If you are interested in learning more about the Wake Forest Plastic Surgery residency, we invite you to complete a brief survey.
The Plastic and Reconstructive Surgery Residency program at Wake Forest School of Medicine accepts two or three applicants per year into a six-year integrated program. It is an ACGME-accredited program.
The first 24 months include a diverse collection of rotations centered on understanding general surgery and the surgical sub-specialties, while the final four years are dedicated to clinical training in plastic and reconstructive surgery.
Why Train at Wake Forest?
Some of our program highlights include:
- We’re one of the oldest integrated residency training programs in the country and have been fully integrated for more than 20 years.
- We have a high success rate on the written and oral exams for licensure.
- We have a high operative volume with graduated autonomy. Our chief residents routinely graduate with more than 6,500 index cases each.
- We provide residents opportunities to do a variety of medical mission trips, with recent destinations including Vietnam, Togo, Moldova and Bolivia.
- We provide support for high quality clinical and bench research while in residency.
- We have an independent chief cosmetic clinic with the opportunity to perform independent procedures throughout chief year, while having faculty available for support.
- We provide annual stipends for additional educational items, including a camera, iPad, loupes and books.
Goals of our program include:
- To graduate highly competent technical plastic surgeons who have a passion to excel for their patients
- To teach the breadth and depth of plastic surgery, and provide graduated autonomy in the Operating Room so when residents finish their training, they feel comfortable with anything they may encounter in the emergency department or in clinic
- To provide a thoughtful analysis of the literature, and teach surgeons how to continue lifelong learning
- To provide a supportive environment in which everyone is happy to be training in, making them feel like family among the residents and faculty
Message from the Program Director and the Chair
Thank you for your interest in the Wake Forest Department of Plastic and Reconstructive Surgery integrated residency program. Formal Plastic Surgery residency training began here in 1973; however, the modern program began in 1988 when Drs. Louis Argenta and Malcolm Marks joined the faculty from the University of Michigan. Under Dr. Argenta’s leadership, Plastic and Reconstructive Surgery became its own department, one of the first in the country. The residency became fully integrated in 2000 and has accepted two residents per year until an expansion to include a third resident every other year in 2020.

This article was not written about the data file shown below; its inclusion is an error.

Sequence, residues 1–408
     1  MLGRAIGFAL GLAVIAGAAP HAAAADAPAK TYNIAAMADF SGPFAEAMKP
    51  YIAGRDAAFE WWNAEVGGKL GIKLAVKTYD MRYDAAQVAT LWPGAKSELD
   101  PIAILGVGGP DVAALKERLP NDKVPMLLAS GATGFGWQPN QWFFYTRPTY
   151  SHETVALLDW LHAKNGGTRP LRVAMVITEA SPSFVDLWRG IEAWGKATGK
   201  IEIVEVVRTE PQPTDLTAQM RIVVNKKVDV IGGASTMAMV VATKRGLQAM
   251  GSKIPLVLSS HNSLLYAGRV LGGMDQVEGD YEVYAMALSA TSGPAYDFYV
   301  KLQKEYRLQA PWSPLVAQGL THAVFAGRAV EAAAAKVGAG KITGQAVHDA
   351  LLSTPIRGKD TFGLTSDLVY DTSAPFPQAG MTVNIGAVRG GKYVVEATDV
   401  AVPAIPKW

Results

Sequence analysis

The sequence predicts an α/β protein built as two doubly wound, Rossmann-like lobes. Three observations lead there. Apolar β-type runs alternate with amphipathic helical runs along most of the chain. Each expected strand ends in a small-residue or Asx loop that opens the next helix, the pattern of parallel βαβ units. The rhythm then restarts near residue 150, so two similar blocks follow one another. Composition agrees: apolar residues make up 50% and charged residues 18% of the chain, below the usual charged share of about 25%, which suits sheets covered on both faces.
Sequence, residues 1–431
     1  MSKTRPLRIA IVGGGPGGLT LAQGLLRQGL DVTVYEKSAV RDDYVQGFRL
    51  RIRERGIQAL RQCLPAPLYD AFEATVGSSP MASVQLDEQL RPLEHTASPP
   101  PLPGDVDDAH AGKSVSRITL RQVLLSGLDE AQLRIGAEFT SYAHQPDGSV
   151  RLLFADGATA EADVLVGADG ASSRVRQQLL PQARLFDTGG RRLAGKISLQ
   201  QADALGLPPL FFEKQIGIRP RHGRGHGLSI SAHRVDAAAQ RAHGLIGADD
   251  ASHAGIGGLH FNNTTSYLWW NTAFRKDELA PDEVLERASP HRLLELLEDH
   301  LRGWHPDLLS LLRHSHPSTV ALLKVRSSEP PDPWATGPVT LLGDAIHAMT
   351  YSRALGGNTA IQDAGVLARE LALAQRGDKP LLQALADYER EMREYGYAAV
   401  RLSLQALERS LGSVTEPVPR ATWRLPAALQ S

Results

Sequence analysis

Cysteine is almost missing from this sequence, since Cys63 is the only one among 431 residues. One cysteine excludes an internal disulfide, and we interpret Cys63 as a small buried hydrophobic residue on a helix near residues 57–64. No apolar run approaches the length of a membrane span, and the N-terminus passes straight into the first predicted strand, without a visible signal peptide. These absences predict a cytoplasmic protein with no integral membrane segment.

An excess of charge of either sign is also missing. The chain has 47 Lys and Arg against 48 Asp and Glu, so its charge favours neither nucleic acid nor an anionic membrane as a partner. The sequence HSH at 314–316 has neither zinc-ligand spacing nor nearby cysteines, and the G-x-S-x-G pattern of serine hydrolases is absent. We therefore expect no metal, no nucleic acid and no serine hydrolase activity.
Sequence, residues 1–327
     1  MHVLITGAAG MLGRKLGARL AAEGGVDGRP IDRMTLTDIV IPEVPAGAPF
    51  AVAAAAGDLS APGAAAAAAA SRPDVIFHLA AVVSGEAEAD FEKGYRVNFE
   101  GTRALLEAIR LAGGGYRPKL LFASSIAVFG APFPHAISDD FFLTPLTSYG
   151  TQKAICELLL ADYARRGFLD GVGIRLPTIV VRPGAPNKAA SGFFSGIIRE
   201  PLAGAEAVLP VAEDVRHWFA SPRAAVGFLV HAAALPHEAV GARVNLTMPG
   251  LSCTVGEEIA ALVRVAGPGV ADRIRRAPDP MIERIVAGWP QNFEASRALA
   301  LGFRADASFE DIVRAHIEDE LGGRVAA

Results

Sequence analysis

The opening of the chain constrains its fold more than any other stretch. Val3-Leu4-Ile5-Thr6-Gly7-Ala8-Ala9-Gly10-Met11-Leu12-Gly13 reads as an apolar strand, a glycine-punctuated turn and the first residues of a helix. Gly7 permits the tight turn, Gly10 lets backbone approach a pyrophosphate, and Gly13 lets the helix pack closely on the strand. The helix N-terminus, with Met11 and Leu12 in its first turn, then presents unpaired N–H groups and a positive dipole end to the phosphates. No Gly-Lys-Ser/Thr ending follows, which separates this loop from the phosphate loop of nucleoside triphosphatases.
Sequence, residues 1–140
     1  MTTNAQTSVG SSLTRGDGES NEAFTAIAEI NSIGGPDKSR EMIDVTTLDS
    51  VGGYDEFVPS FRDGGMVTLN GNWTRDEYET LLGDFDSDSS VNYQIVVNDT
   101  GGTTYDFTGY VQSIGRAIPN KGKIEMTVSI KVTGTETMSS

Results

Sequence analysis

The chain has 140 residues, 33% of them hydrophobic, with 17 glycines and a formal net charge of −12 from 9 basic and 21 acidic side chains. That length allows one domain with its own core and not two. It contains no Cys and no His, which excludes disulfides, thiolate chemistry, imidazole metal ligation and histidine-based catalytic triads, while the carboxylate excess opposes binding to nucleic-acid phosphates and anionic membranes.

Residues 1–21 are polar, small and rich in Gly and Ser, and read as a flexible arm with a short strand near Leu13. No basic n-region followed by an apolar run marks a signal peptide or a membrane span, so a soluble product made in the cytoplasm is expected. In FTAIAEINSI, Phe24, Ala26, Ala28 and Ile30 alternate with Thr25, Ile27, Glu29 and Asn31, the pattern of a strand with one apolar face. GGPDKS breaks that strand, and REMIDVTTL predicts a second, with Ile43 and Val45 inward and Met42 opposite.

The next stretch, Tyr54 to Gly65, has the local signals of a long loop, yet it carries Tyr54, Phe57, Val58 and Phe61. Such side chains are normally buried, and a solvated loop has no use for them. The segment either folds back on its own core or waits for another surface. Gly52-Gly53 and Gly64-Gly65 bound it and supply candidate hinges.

Our program has a legacy of excellent clinical training, stability, international outreach and innovation.
- We believe that nothing is as effective for resident training as heavy operative experience with graduation to autonomy under appropriate supervision.
- We do not train fellows as we believe doing so would dilute the resident experience.
- The operative volume of our graduating chiefs is within the top 5% in the country.
- This volume spans the full range of plastic surgery and is highlighted by an established and robust chief cosmetic clinic, with more than 50 cosmetic cases per year on average.
- The senior half of the faculty averages more than 25 years of clinical practice.
- There has been a very low rate of faculty turnover and a high rate of faculty satisfaction. This is a reflection of the family-friendly environment of the department and livability of our community. Winston-Salem has beautiful weather, low cost of living, great public education opportunities, and easy accessibility to beaches and ski slopes.
- In the spirit of Dr. Argenta’s passion for international medical outreach, the Department established an endowment to support faculty and residents in regular Plastic Surgery mission trips.
- Most faculty travel internationally each year to continue to build on established relationships to train Plastic, Maxillofacial and Neurosurgical specialists. Ongoing partnerships exist with surgeons in four continents, in the countries of Bolivia, Togo, Moldova and Vietnam.
- Residents are supported in participating in at least two trips during their training. These missions are fully funded and ACGME-approved.
- Few would dispute that the most impactful invention to arise from a Plastic Surgery lab is that of negative pressure wound therapy. The invention of the “wound vac” by Dr. Argenta and Dr. Michael Morykwas has provided a significant model and foundation for other clinical and translational advances from our department.
- Within Craniofacial surgery, our faculty have led in the understanding and treatment of positional plagiocephaly, as well the treatment of craniosynostosis with dynamic expansion using spring-assisted surgery.
- We are a leading center for application of new technologies for wound and burn reconstruction.
- We have a large basic and translational science laboratory, with growing strengths of adipose tissue therapies and reconstruction utilizing tissue-engineering approaches.
We hope to attract candidates who offer diverse experiences and qualities and who resonate with our legacy. Our ongoing mission is to provide our residents with excellent clinical training, as well as to have opportunities to contribute in greater ways to our specialty and to the world.
|Christopher M. Runyan, MD, PhD
Integrated Plastic Surgery Residency
|Lisa R. David, MD, MBA
Professor and Chair
Department of Plastic and Reconstructive Surgery